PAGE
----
Call to teach second language in Scots schools from P1

Foreign language teacher and pupils
Image caption Under the plans children could start learning a second language as young as five

A new report has said children in Scotland should begin learning a second language as soon as they start school.

The study, commissioned by the Scottish government, called for a "radical change of approach" in language learning.

The proposals put forward would see all children learning a second language from primary one, rather than primary six when most children currently start.

The plans are likely to be piloted in a dozen schools across Scotland.

'Multi-lingual world'

The recommendations - made by the government's Modern Languages Working Group - also suggest that children should learn a third language no later than P5.

To increase its support for language learning, Scotland's National Centre for Languages (SCILT) is to receive increased funding totalling more than £600,000 in 2012-2013.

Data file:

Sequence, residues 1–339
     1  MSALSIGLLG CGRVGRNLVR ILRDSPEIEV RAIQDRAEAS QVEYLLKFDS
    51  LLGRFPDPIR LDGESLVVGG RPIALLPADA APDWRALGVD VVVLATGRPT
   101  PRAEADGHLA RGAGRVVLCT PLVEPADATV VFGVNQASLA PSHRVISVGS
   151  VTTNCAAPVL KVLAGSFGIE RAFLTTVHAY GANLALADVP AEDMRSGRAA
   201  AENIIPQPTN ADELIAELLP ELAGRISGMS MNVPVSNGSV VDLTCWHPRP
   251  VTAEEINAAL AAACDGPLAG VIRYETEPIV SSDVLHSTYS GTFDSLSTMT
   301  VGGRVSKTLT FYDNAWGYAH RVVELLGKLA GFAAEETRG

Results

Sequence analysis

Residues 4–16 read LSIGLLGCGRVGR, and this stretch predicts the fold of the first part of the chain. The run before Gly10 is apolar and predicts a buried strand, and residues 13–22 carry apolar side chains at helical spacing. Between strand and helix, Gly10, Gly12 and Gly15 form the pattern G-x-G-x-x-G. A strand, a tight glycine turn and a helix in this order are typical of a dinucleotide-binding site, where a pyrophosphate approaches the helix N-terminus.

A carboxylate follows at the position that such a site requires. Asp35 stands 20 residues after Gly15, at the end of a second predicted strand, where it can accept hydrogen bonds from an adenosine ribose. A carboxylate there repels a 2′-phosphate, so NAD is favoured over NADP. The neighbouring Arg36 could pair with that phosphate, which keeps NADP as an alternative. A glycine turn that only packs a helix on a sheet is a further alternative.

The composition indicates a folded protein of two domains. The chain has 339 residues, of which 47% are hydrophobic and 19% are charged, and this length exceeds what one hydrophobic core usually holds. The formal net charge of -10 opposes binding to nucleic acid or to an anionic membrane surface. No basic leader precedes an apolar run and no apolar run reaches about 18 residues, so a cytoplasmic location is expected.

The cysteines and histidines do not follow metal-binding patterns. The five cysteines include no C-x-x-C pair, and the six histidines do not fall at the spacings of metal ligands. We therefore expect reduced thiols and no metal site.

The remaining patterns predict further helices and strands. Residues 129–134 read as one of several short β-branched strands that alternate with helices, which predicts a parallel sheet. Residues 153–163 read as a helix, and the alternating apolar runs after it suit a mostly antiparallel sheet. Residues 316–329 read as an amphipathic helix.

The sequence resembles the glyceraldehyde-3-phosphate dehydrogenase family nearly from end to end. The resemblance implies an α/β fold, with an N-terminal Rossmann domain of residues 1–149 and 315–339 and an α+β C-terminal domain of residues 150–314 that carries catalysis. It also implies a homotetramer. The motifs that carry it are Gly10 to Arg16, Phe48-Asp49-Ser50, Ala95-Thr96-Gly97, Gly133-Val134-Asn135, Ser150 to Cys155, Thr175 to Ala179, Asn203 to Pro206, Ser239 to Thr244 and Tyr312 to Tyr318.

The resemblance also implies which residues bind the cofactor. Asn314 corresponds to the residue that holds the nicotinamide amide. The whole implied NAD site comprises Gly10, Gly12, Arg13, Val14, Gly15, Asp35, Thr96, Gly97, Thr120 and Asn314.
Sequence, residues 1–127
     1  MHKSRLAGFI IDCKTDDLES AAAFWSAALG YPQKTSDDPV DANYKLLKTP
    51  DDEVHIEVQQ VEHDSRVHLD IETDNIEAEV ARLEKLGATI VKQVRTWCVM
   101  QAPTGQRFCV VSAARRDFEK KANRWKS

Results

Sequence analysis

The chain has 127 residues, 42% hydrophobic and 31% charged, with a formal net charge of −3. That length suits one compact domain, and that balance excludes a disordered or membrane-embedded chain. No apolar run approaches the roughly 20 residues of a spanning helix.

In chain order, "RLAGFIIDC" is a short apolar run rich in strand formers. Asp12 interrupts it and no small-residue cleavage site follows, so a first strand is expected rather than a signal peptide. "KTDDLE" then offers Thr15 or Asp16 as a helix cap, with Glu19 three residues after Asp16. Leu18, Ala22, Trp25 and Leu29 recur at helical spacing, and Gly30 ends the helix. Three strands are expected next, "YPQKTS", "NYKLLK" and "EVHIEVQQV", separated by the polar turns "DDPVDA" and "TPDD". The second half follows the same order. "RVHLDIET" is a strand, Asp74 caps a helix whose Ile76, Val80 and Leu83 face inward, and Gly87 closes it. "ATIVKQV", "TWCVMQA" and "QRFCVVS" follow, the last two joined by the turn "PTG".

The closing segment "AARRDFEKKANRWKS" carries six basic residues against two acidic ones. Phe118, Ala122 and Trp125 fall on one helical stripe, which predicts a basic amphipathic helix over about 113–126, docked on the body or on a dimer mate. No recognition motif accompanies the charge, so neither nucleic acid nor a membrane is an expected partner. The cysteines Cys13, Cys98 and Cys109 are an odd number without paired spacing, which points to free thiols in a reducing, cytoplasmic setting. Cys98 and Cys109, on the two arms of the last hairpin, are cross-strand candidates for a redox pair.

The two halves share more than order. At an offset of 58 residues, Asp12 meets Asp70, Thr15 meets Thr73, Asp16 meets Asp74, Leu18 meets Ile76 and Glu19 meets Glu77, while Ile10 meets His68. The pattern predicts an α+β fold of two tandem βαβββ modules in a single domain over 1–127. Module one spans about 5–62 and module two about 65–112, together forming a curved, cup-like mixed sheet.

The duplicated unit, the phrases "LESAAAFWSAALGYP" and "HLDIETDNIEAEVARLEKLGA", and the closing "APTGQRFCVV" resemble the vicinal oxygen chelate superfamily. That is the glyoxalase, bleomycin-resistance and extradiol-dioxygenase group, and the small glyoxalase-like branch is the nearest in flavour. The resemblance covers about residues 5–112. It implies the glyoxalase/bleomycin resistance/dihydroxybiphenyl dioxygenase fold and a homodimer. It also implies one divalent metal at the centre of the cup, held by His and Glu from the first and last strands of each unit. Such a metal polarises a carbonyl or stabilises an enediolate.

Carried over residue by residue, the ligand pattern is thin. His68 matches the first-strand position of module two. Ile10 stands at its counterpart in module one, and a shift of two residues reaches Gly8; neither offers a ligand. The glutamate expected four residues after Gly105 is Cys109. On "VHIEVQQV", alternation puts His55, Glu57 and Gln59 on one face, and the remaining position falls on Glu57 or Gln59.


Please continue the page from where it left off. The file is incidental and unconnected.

The minister for learning, Alasdair Allan said: "The world is changing rapidly and radically and the government has a duty to ensure that Scottish schools prepare young people so they can flourish and succeed in the globalised, multi-lingual world we now live in.

"One indisputable aspect of modern life is that more people travel widely for jobs and leisure and we must respond accordingly; we will not be as successful as a country and economy if we remain essentially a mono-lingual society."

Ministers have signed a voluntary EU agreement to make the changes outlined in the report.

However, the full proposals are as yet un-costed and could face hurdles because of the high costs associated with training language teachers.

Lloyd Anderson, director of British Council Scotland, welcomed the report.

He said: "Scotland needs globalised citizens who can go out confidently on the world stage and win business to grow Scotland's exports.

"Language learning is a vital part of creating that outward-looking mindset."

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